Time to Play Doctor! Run a PC Virus Scan

By Cathryn Conroy

Answer yes or no to the following questions:
1. Have you ever clicked on a link in an unsolicited email?

2. Do you browse the Web with JavaScript enabled by default?

3. Have you ever clicked on a pop-up ad that claims your computer is infected?

4. Have you logged on to an account from a link received in email, IM or social networking?

5. Do you think you don't need anti-virus software because you can protect your PC by just being "smart" when you surf the Web?

If you answered yes to even one of these questions, your computer could be infected with viruses, Trojan horses, adware, spyware, worms and rootkits. It's up to you to play doctor and bring your PC back to good health.

The good news: It's easy to do!

Buy and run an antivirus program
Make sure you have a virus protection package loaded onto your computer with a current subscription so the virus definitions are updated.

If you don't have one, buy one. There are many virus protection programs from which to choose, including Symantec AntiVirus, McAfee VirusScan, Norton AntiVirus, AVG AntiVirus, Avast! Pro Antivirus and more.

Choose a program that will scan the master boot record, boot sector and any applications currently running in memory; these particularly sensitive areas of your PC can harbor the most dangerous malware.

Do update the virus definitions and run the scan at least weekly. Tip: Close all other programs and Windows before running a virus scan.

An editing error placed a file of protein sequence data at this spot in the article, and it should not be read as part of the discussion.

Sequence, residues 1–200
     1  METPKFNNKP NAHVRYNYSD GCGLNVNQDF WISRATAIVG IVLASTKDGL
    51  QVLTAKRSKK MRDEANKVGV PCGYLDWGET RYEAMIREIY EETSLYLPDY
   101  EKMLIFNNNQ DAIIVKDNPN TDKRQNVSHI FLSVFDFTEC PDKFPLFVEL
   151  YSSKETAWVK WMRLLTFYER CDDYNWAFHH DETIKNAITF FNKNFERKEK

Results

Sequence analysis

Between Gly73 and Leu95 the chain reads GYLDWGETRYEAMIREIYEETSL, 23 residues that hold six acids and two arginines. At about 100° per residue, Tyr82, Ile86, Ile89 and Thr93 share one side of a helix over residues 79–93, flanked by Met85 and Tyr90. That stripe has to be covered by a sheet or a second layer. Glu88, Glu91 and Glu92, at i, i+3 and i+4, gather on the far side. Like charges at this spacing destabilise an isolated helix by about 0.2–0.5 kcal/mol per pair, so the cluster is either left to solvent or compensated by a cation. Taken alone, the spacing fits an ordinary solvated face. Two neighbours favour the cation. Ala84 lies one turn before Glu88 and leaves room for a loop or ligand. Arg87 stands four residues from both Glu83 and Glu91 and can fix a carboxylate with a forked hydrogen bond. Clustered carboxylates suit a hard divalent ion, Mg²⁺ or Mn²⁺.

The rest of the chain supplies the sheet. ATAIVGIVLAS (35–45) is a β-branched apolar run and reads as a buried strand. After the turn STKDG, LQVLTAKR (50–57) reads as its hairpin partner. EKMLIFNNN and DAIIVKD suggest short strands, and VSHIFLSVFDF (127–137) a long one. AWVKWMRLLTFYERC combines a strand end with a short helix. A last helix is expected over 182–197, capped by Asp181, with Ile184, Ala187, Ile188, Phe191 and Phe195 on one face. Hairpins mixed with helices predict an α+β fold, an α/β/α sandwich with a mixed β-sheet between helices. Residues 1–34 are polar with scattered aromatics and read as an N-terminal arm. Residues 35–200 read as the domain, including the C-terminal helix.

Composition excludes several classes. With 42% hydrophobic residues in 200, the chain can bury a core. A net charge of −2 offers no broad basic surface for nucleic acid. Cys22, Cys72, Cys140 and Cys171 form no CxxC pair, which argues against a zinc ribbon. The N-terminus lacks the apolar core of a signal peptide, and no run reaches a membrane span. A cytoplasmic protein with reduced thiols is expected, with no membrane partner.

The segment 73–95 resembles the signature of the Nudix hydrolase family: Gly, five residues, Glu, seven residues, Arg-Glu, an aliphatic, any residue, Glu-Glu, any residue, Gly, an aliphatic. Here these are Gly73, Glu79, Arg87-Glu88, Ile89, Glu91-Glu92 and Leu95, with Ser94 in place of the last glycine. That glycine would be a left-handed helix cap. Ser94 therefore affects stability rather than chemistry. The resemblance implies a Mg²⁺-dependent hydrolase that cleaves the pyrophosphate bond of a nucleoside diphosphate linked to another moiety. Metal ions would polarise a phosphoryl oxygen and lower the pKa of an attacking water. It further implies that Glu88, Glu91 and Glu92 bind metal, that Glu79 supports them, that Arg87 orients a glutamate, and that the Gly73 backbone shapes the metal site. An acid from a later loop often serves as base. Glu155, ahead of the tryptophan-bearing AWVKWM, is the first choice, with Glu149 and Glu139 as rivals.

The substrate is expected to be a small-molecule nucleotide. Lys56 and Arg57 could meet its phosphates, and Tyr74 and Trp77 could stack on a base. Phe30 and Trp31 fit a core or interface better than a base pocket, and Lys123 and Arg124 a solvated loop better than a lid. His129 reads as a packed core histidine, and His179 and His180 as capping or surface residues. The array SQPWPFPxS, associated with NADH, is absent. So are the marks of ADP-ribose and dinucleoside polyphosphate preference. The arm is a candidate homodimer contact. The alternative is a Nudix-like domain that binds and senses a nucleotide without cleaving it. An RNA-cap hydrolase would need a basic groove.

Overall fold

Get the free Microsoft Windows Malicious Software Removal Tool
In addition, you can download and run Microsoft Windows Malicious Software Removal Tool. While this free malware removal tool won't find all the evil stuff on your PC, it will check for specific, prevalent malicious software.

When the detection and removal process is complete, the tool displays a report describing the outcome, including which, if any, malicious software was detected and removed.

Go the Microsoft Download Center to get the latest version; Microsoft releases new updates on the second Tuesday of each month or you can set the Automatic Updates feature to automatically deliver and install the latest version of the tool. Do note this is not a replacement for an anti-virus program.

Remember these wise words from Glenn Turner, a New Zealander athlete: "After all, just one virus on a computer is one too many." And we might add this: Especially when it is your computer!

--From the Editors at Netscape

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